The structure of an iceberg, and to some extent the
appearance, depends upon the ice that produced the
berg. Pinnacled bergs come from glaciers that plow
across uneven ground on their way to tidewater, but
may also develop as fragments that break off of shelf
ice. Tabular bergs are produced as portions of sheet ice
separate and float free, but may also be produced as
large portions of shelf ice break free. Pinnacled bergs
are more common in the Northern Hemisphere, while
tabular bergs are more common in the Southern
Icebergs are simply called "icebergs" when they are
large or massive. Smaller pieces of ice are called "bergy
bits" and "growlers."
Like icebergs, bergy bits and
growlers originate from glaciers or shelf ice. They may
also form as larger icebergs disintegrate. A bergy bit is a
medium-size fragment of glacial ice, or about the size of
a small cottage. A growler is a small fragment of ice
about the size of a truck. It is usually of glacial origin,
and generally greenish.
Icebergs originating in Greenland average 70
meters in height and 280 to 450 meters in length when
first formed. The largest ones may exceed 400 feet in
height and several miles in length. The tabular bergs of
Antarctica average 30 to 40 meters in height, but their
horizontal dimensions greatly surpass the bergs of the
For example, one iceberg
observed near Scott Island in 1956 measured 60 miles
by 208 miles.
The portion of an iceberg that is visible above the
water is dependent upon the type of the berg and the
density differences between the seawater and the ice.
The type of berg (pinnacled or tabular) determines the
height of the ice above the water. In the case of the
tabular berg, the depth below the surface is about 7
times the height above the water line. In the case of the
pinnacled berg, the depth below the surface averages
about 5 times that above the water line.
With regard to density, seawater with a temperature
of -1°C and a salinity of 35% produces a density
condition that allows nearly 90 percent of the ice to be
Pinnacled icebergs often have rams (protrusions of
ice beneath the surface). These rams can be a great
hazard to vessels that might pass close by bergs of this
type. The S.S. Titanic sank in the North Atlantic with a
great loss of life after striking this type of iceberg.
Movement of Icebergs
While the general direction of the drift of icebergs
over a long period of time is known, it may not be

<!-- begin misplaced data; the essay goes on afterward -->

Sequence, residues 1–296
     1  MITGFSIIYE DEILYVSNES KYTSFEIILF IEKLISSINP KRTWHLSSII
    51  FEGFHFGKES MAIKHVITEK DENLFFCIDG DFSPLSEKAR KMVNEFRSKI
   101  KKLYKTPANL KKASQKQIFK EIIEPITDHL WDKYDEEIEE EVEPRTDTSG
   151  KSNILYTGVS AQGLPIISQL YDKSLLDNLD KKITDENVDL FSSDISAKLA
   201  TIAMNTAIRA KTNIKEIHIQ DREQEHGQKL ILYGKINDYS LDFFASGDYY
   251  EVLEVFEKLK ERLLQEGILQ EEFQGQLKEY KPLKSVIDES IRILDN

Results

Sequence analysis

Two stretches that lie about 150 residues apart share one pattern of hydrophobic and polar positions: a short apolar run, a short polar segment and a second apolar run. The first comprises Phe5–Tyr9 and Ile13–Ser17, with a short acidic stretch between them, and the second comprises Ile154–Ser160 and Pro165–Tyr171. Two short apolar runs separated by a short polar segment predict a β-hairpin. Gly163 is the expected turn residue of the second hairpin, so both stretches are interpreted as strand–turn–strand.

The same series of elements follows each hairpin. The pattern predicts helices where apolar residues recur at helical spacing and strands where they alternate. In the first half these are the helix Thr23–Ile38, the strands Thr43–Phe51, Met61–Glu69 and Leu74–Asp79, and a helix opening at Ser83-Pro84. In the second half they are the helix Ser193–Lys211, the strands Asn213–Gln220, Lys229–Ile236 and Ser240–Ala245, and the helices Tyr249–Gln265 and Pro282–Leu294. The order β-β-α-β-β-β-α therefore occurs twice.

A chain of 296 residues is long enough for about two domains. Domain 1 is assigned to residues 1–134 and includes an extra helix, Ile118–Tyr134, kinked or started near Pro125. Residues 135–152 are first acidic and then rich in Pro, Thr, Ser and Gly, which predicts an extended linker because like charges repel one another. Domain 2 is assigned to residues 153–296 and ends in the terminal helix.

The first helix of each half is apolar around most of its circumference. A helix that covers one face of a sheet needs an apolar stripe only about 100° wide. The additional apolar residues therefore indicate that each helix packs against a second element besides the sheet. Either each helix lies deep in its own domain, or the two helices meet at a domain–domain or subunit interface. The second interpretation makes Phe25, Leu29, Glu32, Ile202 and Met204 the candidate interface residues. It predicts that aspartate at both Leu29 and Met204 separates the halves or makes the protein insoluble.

possible to predict the drift of an individual berg at a
given place and time. Bergs lying close together have
been observed to move in different directions. The
reason for this is that icebergs move under the influence
of the prevailing current at the icebergs submerged
depth. The subsurface currents often opposes the
existing winds and near-surface currents.
OBSERVING ICE IN THE SEA
When making an observation of ice in the sea, either
sea ice or icebergs, you must determine the type of ice
present. If the ice is sea ice, you must determine the size
of the area covered by ice, the arrangement of ice, and
the stage of development. If icebergs are present, you
must determine the number of bergs present. If the ship
is approaching an ice field, the direction of the ice edge
relative to the ships position must also be determined.
Finally, a determination of the ships ability to operate in
the ice and the trend of any changes in the ice conditions
must be made. Although these determinations sound
complex, they are relatively easy.
METOCCOMINST 3144.1 provides a detailed list of
the determinations that must be made. Additional
information on ice is available in the Ice Observation
Handbook, published by the Naval Ice Center, Suitland.
In this section, we have discussed the various
procedures used to observe the different elements in
surface weather observations and surface aviation
weather observations. We have also introduced many
technical terms used to discuss and accurately describe
the weather elements. Later, we will cover the
observation recording methods and the specific code
forms used to report surface weather observations.
However, before we discuss that information, we must
discuss some calculations that the observer is routinely
asked to determine from data measured during the
Why does it take seawater longer to freeze than
When does sea ice reach a maximum in the
What is meant by the term "fast ice"?
Why should ships avoid operating in ice areas
where rafting is occurring?